P1300027But if you just go with it then the results can be quite nice—see above–simple and homespun and maybe you even buy some time before you have to start on that moped cake.

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Tuesday, April 8th, 2014

How to Make Perfect Fish (and other dinner party tricks)

P1300010Ever since I worked on KEEPERS, and we developed a recipe for cooking fish in the oven, I haven’t wanted to cook seafood any other way. For our method, you basically take a side of flaky fish—cod, halibut, mahi-mahi, or salmon works really well—season all over with salt and pepper, drizzle with olive oil, place slices of lemon all over the top, drizzle the lemon slices with olive oil, place the fish skin-side down on a baking sheet, and then roast in the oven for 10-12 minutes at 450 degrees. The result is a uniformly cooked piece of fish that you can then serve family style. If you squeeze the roasted lemon slices over the finished fish and top with chopped herbs and Greek yogurt, it’s fantastic.

This method is also wonderful for dinner parties, when you don’t want to juggle individual filets, but still want the impact of serving a gorgeous piece of fish. Now I’ve learned of another step that takes this method up a notch. I was reading chef Suzanne Goin’s terrific new book—The A.O.C. Cookbook—and for many of her fish recipes she first seasons the fish with salt, pepper, lemon zest, and herbs (parsley, thyme, etc.), and then places it in the fridge to marinate overnight or for at least four hours.

P1300016I did this the other day with a side of salmon that I was serving at a dinner party and the  result was fish that was even more flavorful than usual. I seasoned it with lemon zest, dill, salt and pepper, and then covered it and left it in the fridge for about 8 hours. Right before dinner, I roasted the salmon the same way as I normally do, laying the lemon slices directly over the herbs and drizzling them with olive oil. It came out a real showstopper: Not over-cooked, tender, and lovely to behold.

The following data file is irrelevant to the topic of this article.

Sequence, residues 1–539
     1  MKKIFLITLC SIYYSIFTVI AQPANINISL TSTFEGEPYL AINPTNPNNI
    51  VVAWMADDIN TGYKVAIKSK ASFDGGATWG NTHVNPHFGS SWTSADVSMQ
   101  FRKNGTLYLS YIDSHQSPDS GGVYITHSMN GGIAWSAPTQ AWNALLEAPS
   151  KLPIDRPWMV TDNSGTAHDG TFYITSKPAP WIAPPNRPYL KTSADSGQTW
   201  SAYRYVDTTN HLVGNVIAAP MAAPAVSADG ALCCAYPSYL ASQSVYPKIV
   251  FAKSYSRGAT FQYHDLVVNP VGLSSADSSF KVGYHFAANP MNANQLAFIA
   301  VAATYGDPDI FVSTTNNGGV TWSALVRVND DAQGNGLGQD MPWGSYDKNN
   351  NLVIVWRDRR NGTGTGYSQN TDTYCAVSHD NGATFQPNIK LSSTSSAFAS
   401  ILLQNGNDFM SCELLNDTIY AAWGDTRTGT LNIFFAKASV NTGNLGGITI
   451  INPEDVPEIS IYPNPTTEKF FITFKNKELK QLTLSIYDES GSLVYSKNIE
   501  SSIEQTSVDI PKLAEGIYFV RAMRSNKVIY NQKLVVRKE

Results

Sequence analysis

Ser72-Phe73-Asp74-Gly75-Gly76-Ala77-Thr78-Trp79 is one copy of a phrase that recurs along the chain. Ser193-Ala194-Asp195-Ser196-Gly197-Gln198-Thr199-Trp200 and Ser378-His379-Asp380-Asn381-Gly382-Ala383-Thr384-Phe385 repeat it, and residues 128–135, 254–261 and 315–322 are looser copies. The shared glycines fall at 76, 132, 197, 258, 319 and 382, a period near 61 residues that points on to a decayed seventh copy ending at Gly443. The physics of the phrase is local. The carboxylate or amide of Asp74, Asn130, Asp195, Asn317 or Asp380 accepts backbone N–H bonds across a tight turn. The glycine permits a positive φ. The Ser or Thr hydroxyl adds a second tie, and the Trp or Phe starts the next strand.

Now that I think about it, all of the dishes for this dinner party were prepared in advance: I also made potatoes that I roasted earlier in the afternoon (leaving them on the stove-top when they were done to stay warmish or at least room temperature) and served them with a side of sun-dried pesto (see recipe for sun-dried tomato pesto below) that I also made earlier and then let sit on the counter-top to meld. There were also several bunches of asparagus that I blanched before the company arrived and then tossed with a vinaigrette of sherry vinegar, grapeseed oil, mustard, shallots, and maple syrup…for one of the first times, I actually got to hang out with my guests and not excuse myself every 5 minutes to check on the food. Without knowing it I had concocted the 100% Do-Ahead Dinner Party. Yeah me.

Sun-dried Tomato Pesto

Take about 8-10 whole sun-dried tomatoes and place them in a food processor along with 1/2 cup of toasted walnuts (halves or quarters), a few fresh basil leaves, zest of one lemon, salt, and pepper. Pulse to combine and then slowly drizzle in some olive oil until you get the consistency you’d like (for a pasta sauce add a but more, as a dip or condiment a bit less). Scoop the pesto into a bowl and then stir in about a handful of grated paremesean or pecorino. Taste for salt and pepper. Leave the pesto out on the counter if you plan on serving it that day; but if you plan on eating it later then can be refrigerated for several days.

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Thursday, April 3rd, 2014

Food For Thought: A Must-See Documentary

1385817_445298522254822_137680265_nThis weekend, I attended a women and food event in New York City called the Jubilee, hosted by the founders of a wonderful bi-annual magazine called Cherry Bombe (which is also a celebration of woman and food and an extremely cool read). Amongst all the terrific speakers and panels was one in particular that just blew me away and left me in tears. It was about a truly moving and inspirational documentary called Sweet Dreams. The film is about a group of women from Rwanda, all of whom were victims of the 1994 genocide—”widows, orphans, wives and children of perpetrators”—who successfully formed the first all-woman drumming group in Rwanda (traditionally an all-male endeavor). Their leader, a woman named Kiki Katese, then decided to use their success as a group to open Rwanda’s first ever ice cream shop as a place of hope and joy amidst devastation. HERE is a link to the trailer…I dare you not to swell up with tears and happiness while watching it.